This The New York Times article on special admissions programs for military veterans at elite colleges provides a good excuse for a four day review of the topic, one we have covered before at EphBlog. This is Day 4.

Carl Callender, a member of the first veteran cohort at Vassar, was working full time and attending classes at Bronx Community College when he learned about Vassar’s initiative.

“My plan was, at the time, to get my associate’s degree and then transfer to Hunter or Baruch,” he said, referring to two campuses of the City University of New York. “I was at a point where I felt that certain opportunities were no longer available to me. But then along came Posse.”

That sounds like a pretty smart plan! Is going to Vassar a much better idea? I have my doubts.

First, although there are real benefits to attending an elite school, it is not clear (to me) how many of those benefits apply to a 35 year-old like Callendar. In particular, what “certain opportunities” is he referring to? The most obvious opportunities (outside of the high quality of the education itself) that Vassar provides are:

a) Providing a network of peers and friends and potential spouses.
b) Providing an on-ramp to certain high powered careers that are largely unavailable to someone at a less elite school.

It is not clear, to say the least, that this applies to someone who is 35 at Vassar. How much can he (reasonably) hang out and befriend the teen-agers in his class? How much will recruiters like, say, Morgan Stanley or Teach for America, view him as they view other Vassar students.

Mr. Callender, who served in the Marine Corps Reserve for eight years, said that the transition to campus life was hard, but greatly eased by the presence of a group of veterans.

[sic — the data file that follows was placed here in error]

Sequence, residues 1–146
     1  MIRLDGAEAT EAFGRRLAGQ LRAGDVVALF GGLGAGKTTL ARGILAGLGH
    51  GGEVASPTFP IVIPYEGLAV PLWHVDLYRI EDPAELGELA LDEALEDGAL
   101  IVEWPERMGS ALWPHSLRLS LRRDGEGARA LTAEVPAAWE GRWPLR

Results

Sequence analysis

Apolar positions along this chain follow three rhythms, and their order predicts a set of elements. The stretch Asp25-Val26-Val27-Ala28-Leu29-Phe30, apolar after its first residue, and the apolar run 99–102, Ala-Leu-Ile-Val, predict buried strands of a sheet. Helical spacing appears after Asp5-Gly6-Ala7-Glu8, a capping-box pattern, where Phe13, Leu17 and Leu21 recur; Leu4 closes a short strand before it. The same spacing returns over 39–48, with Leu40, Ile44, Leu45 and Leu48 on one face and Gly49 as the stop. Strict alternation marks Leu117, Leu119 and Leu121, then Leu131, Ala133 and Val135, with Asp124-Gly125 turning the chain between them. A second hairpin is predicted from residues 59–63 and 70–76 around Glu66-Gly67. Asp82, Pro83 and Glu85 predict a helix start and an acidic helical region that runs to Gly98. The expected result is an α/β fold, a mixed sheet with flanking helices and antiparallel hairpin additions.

“I stuck out like a sore thumb,” Mr. Callender, 35, said of his first day on campus. But his fellow veterans provided social support. “I had people I knew, people I could eat with and people I could study with.”

If I were Callendar, I would do the same: study with, eat with, live with and hang out with the people I had the most in common with. But that pattern, reasonable as it is, means that other Vassar students don’t actually benefit from the presence of this “diversity.”

Even so, returning to school had been a somewhat disorienting, if positive, experience.

“It’s awkward coming here,” he said of Vassar, where he is a sophomore. “It’s almost like someone hit the reset button. Five years ago I would have been able to tell you exactly what I wanted to do. But now, I am like a kid in a candy store.”

Kids in candy stores are not famous for making smart long-term choices. So, perhaps this simile is all too accurate. We need to know more details about Callendar’s situation, but it sure sounds like he was a Marine with a plan. Working full time at age 35 is a very good idea, especially if it is giving you experience and connections in an industry that you want to be in. Taking college classes part time is smart (and cheap).

Dropping all that and going to Vassar for four years is a very different plan. Maybe it is a better one. Maybe it isn’t. But am I the only one that doesn’t completely trust Vassar to present the pros and cons of the decision accurately to Callendar?

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